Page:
Stereodivergent synthesis of jaspine B and its isomers using a carbohydrate-derived alkoxyallene as C3-building block

  1. Volker M. Schmiedel,
  2. Stefano Stefani and
  3. Hans-Ulrich Reissig

Institut für Chemie und Biochemie, Freie Universität Berlin, Takustr. 3, D-14195 Berlin, Germany

  1. Corresponding author email

This article is part of the Thematic Series "Natural products in synthesis and biosynthesis".

Guest Editor: J. S. Dickschat
Beilstein J. Org. Chem. 2013, 9, 2564–2569. https://doi.org/10.3762/bjoc.9.291
Received 27 Aug 2013, Accepted 28 Oct 2013, Published 19 Nov 2013

Abstract

Herein we present the synthesis of the anhydrophytosphingosine jaspine B and three of its stereoisomers using a carbohydrate-derived alkoxyallene in order to obtain the products in enantiopure form. Key step of the reaction sequence is the addition of the lithiated alkoxyallene to pentadecanal, setting the configuration at the later C-2 of the ring system. This reaction step proceeds with moderate selectivity and therefore leads to a stereodivergent approach to the natural product and its enantiomer. The gold-catalyzed 5-endo-cyclization affords the corresponding dihydrofurans, which after separation, azidation of the enol ether moiety and two subsequent reduction steps give the natural product and its stereoisomers.

Keywords: chiral auxiliaries; gold catalysis; jaspine B; lithiated alkoxyallenes; natural product synthesis; pachastrissamine; tetrahydrofurans

Introduction

Jaspine B, also known as pachastrissamine (1, Scheme 1), is an anhydrophytosphingosine derivative, isolated 2002 from the marine sponge Pachastrissa sp. by Higa et al. [1]. In 2003 Debitus et al. were able to extract this natural product from the marine sponge Jaspis sp. [2]. Jaspine B (1) comprises a densely functionalized tetrahydrofuran ring, bearing three contiguous (2S,3S,4S)-configured stereogenic centers with a long alkyl chain at C-2 and a 1,2-amino alcohol moiety at C-3 and C-4. Due to its interesting structure and biological activities, for instance cytotoxicity and apoptosis promotion of several cancer cell lines [3-6] the synthesis of this natural product attracted the attention of many research groups resulting in more than 30 published syntheses up to now. Most frequently they are based on transformations of starting materials available from the ”chiral pool”, e.g. L-serine [7-18], or by asymmetric catalysis [19-25]. Several publications also focused on the synthesis of stereoisomers of the natural product [4,12,16,17,19,26-28] because these compounds also showed comparable biological activities [4,5].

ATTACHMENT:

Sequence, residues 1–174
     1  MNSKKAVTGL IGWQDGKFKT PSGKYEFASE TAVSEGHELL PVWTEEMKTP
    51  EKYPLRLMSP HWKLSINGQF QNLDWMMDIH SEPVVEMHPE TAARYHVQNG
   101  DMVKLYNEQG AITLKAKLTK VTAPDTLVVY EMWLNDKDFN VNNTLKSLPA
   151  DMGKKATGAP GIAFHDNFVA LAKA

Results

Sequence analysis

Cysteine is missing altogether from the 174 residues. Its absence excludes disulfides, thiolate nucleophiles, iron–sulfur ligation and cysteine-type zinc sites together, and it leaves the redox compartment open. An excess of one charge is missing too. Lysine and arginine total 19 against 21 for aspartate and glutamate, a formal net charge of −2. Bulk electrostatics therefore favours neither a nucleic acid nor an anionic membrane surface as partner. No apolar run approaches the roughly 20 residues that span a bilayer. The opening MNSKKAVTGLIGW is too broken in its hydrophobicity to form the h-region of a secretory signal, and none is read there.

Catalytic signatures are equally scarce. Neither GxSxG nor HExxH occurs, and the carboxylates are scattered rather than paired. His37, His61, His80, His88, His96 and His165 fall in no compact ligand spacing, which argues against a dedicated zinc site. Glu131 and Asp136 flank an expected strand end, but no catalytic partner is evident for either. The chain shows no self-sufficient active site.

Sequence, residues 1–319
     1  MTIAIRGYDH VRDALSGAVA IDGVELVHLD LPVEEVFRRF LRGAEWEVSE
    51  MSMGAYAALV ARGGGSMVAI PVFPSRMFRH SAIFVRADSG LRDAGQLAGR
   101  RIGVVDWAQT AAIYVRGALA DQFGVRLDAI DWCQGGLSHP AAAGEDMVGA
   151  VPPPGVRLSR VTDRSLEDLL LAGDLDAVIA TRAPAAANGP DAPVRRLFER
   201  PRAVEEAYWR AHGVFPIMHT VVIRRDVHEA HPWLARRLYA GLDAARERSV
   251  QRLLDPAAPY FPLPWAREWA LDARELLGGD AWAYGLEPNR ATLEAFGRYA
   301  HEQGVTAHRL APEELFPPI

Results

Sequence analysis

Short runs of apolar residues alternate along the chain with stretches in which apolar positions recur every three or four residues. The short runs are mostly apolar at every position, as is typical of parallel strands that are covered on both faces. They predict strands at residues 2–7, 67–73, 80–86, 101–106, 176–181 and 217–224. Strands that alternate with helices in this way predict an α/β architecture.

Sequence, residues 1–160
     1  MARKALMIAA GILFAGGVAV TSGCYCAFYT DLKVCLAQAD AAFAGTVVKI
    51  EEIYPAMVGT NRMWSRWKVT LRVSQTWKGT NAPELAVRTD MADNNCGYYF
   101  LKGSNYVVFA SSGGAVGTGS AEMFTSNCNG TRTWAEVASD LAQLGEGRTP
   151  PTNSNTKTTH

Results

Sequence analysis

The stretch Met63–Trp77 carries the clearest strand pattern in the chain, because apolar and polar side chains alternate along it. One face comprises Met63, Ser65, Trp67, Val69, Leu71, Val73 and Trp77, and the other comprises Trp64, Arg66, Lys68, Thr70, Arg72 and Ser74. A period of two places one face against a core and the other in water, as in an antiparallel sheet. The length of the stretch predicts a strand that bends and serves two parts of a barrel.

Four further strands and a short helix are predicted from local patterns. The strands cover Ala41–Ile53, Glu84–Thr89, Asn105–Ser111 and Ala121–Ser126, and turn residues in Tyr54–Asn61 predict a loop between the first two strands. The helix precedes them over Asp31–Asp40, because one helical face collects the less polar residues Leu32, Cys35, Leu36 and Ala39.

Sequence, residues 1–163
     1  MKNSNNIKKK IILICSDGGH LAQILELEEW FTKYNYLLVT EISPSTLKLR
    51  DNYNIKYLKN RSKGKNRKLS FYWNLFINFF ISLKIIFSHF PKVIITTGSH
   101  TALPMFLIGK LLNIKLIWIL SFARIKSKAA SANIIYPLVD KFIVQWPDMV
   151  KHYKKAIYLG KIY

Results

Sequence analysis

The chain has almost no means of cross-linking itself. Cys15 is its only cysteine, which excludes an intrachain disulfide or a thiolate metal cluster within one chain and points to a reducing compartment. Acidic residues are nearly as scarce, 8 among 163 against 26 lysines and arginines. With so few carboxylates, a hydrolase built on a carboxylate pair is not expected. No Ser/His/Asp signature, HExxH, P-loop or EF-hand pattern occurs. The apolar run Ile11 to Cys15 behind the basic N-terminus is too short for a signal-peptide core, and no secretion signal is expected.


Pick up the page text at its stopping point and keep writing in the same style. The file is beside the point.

[1860-5397-9-291-i1]

Scheme 1: Structure of jaspine B 1 and its stereoisomers 24.

During our current studies on the synthesis of highly functionalized heterocycles utilizing alkoxyallenes as versatile C3-building blocks we chose jaspine B (1) as an attractive target [29-33]. Our approach to 1 is based on the addition of a lithiated alkoxyallene with a chiral auxiliary to pentadecanal as electrophile. This step will generate the first stereogenic center and install the C14-alkyl chain at the later C-2 position of the natural product (Scheme 2). A subsequent 5-endo-cyclization of the resulting allenyl alcohols leads to a mixture of diastereomeric dihydrofurans, which can be separated by HPLC (only the (S)-enantiomer is depicted). This allows the synthesis of the natural product and its enantiomer by functionalization of both diastereomers. The cis-configured amino alcohol moiety at C-3 and C-4 is installed by azidation and subsequent reduction steps leading to the final products. The presented strategy allows the preparation of jaspine B, its enantiomer and two diastereomers, all of which are known for their biological activities (Scheme 2).

[1860-5397-9-291-i2]

Scheme 2: Retrosynthetic analysis of jaspine B leading to pentadecanal and an alkoxyallene.

Results and Discussion

Synthesis of racemic jaspine B and its C-2-epimer

Initial studies examined the feasibility of this planned approach for the generation of the functionalized tetrahydrofuran system. They were based on methoxyallene (5) and led to the preparation of the racemic natural product. Methoxyallene (5), which is easily prepared in two steps from propargyl alcohol in large scale [34], was deprotonated with n-BuLi and the generated lithiated methoxyallene was subsequently treated with pentadecanal (6). The resulting allenyl alcohol 7 was not sufficiently stable for purification and hence was directly used for the next cyclization step (Scheme 3). After a 5-endo-cyclization of 7 employing KOt-Bu in DMSO dihydrofuran derivative 8 was obtained in 74% overall yield from 5. The strongly basic conditions as first described by Brandsma and Arens [35] used for the cyclization of 7 gave a higher yield than the attempted gold(I) catalysis (39% overall yield), which might be due to the deactivation of the gold catalyst by impurities still present in the crude allenyl alcohol 7.

[1860-5397-9-291-i3]

Scheme 3: Synthesis of racemic dihydrofuran 8.

Next, several methods for the introduction of the amino group were examined. We were very pleased to discover that the oxidative azidation [36] allowed a direct access to the corresponding α-azidofuranones in one step. The two diastereomers of the azides were obtained in a 60:40 ratio. The subsequent reduction of the carbonyl group with L-selectride in THF furnished the α-azidotetrahydrofuranols rac-9 and rac-10 in a satisfying yield of 62% over two steps (Scheme 4). Only the two diastereomers shown in Scheme 4 were isolated, whereas the two other possible isomers could not be detected. The obtained diastereoselectivity of the reduction is likely due to stereoelectronic effects of the α-azido group overcoming the steric hindrance of the slim alkyl chain. We assume that in both diastereomers the azido group occupies a pseudoaxial position shielding this face of the furanone ring and therefore steers the hydride attack to the other side. Similar observations have been reported for the reduction of carbonyl compounds bearing an electronegative group in α-position [37]. After palladium-catalyzed hydrogenolysis of α-azidotetrahydrofuranols rac-9 and rac-10 an inseparable mixture of racemic jaspine B (rac-1) and its C-2-epimer rac-2 was obtained. Hence the natural product and its diastereomer were obtained in five steps with a good overall yield of 42% with respect to aldehyde 6. This result was very encouraging and we therefore started the preparation of the enantiopure natural product and its stereoisomers.

[1860-5397-9-291-i4]

Scheme 4: Synthesis of racemic jaspine B rac-1 and its diastereomer rac-2.